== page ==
Currency Rate Quotations
A number of factors come into play, determining the currency rate exchange, all depending on the trading relationship between the two countries in question. Let us take a look at the currency rate quotations online, which is the prime focus of this page.
An online currency rate quotation is given by stating the number of units of "quote currency", (price currency, payment currency) that can be exchanged for one unit of "base currency" (unit currency, transaction currency). For example, in a currency quotation which says the EURUSD exchange rate is 1.4325, that is, 1.4325 USD per EUR, also known as EUR/USD; the quote currency is USD and the base currency is EUR.
It is the market convention determining the base currency and the term currency. Most parts of the world will come across this order: EUR – GBP – AUD – NZD – USD – others. For instance, if you would like to convert from EUR into NZD, EUR is the base currency and NZD is the term currency. The currency rate exchange will tell you how many New Zealand dollars you would pay or receive for 1 euro. In some parts of Europe and the non-professional market in the UK, EUR and GBP are reversed. The GBP is quoted as the base currency to the euro. Cyprus and Malta which were earlier quoted as the base to the USD, when they joined the euro, were recently removed from this list.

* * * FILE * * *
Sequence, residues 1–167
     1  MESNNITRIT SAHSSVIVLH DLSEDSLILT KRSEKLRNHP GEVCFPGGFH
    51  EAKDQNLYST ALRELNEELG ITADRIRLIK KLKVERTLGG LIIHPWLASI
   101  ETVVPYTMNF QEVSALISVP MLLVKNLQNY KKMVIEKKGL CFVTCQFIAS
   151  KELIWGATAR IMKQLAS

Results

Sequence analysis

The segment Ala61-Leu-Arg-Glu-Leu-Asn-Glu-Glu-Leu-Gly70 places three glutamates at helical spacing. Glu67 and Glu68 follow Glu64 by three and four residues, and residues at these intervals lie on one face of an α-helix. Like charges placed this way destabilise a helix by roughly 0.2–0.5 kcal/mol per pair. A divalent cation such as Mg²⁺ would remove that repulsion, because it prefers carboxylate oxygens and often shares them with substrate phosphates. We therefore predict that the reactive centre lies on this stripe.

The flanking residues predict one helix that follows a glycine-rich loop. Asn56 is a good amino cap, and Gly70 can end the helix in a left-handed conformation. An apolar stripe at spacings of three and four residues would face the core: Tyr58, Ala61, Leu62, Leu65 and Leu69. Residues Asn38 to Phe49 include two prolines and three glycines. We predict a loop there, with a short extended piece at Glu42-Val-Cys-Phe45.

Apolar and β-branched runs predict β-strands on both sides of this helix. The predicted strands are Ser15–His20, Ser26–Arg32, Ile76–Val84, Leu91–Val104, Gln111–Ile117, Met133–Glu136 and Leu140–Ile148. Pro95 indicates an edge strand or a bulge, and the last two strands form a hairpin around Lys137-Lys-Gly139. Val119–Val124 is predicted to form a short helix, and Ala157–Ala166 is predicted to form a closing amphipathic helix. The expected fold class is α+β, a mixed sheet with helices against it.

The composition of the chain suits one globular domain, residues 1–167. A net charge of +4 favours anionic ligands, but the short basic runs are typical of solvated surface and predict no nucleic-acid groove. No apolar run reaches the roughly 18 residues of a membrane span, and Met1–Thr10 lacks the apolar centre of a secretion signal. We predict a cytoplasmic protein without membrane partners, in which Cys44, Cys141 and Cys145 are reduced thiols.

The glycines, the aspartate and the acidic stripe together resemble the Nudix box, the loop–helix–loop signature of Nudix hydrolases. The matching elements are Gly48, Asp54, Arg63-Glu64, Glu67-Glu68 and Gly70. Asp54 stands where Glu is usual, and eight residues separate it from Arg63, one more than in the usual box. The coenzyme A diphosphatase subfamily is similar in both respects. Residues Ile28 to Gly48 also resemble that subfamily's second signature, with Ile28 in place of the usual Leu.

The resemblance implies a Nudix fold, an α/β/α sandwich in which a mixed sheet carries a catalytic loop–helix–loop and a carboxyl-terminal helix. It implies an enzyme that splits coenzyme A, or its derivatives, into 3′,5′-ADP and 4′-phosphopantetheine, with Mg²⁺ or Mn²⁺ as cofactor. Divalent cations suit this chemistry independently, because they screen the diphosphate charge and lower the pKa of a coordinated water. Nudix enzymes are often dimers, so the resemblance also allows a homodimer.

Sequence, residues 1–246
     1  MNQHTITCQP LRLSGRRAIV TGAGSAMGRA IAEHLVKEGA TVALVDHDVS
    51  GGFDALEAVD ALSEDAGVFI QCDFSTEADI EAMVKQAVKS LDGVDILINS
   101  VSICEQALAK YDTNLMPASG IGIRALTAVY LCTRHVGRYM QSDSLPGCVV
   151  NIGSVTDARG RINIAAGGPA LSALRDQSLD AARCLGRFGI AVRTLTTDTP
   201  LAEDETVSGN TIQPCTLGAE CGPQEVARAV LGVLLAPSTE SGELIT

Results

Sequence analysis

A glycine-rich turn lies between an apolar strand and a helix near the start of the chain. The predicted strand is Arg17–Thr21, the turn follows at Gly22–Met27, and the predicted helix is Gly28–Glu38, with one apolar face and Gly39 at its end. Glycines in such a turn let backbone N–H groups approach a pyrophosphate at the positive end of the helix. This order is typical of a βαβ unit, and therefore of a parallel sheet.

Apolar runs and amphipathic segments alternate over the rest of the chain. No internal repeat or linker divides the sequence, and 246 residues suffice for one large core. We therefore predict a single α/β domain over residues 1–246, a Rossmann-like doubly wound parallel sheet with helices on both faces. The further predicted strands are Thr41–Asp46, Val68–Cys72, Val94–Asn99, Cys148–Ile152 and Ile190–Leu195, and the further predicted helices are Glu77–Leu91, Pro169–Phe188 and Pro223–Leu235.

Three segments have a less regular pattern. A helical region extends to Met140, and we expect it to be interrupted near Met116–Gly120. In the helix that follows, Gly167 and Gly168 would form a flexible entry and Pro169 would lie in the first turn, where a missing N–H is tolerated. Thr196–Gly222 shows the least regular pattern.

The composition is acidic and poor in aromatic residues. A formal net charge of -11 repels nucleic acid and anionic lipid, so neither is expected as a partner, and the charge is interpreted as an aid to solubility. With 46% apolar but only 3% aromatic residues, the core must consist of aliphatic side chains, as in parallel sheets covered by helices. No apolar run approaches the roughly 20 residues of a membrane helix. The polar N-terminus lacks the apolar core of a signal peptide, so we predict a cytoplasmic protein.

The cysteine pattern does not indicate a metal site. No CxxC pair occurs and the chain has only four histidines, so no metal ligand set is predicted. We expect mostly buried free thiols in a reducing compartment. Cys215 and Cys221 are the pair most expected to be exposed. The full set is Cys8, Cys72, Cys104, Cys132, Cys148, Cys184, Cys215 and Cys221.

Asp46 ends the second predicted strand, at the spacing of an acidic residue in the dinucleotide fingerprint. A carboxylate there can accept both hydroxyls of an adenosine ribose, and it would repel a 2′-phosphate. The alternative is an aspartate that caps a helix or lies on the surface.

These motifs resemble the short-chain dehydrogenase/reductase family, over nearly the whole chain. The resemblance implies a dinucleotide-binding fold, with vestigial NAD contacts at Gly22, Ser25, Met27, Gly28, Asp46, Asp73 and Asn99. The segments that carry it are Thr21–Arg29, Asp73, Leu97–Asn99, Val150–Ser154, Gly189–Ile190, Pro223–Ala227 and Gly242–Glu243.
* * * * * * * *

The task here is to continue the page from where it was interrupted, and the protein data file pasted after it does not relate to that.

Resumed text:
Getting on with the topic of online currency rate quotations, you will come across currency quotations, where both currencies are not listed. Then, in order to determine which the base currency is, the market follows the convention to use the base currency which gives a currency exchange rate greater than 1.000. This avoids rounding issues for exchange rates being quoted to more than 4 decimal places. However, there are some exceptions to this rule. For example, the Japanese often use their currency as the base to other currencies in the currency rate exchange quotations.
Currency quotes, where the country's home currency is used as the price currency are known as direct quotation or price quotation. These are used by most countries. But quotes using a country's home currency as the unit currency are known as indirect quotation or quantity quotation. These are common in UK, Australia, New Zealand and the Euro zone.
When using direct currency rate quotation, if the home currency is strengthening then the exchange rate number tends to decrease, and conversely if the foreign currency is strengthening and the home currency is depreciating, the exchange rate number increases.
From the early 1980s to 2006, the market convention followed was that most currency pairs were quoted to 4 decimal places for spot transactions and up to 6 decimal places for forward outright or swaps. The fourth decimal place is usually referred to as a "pip". In 2005 Barclays Capital broke this convention by offering spot exchange rates with 5 or 6 decimal places on their electronic dealing platform. The contraction of spreads arguably necessitated finer pricing and gave the banks the ability to try and win transaction on multibank trading platforms. A number of other banks have now followed this.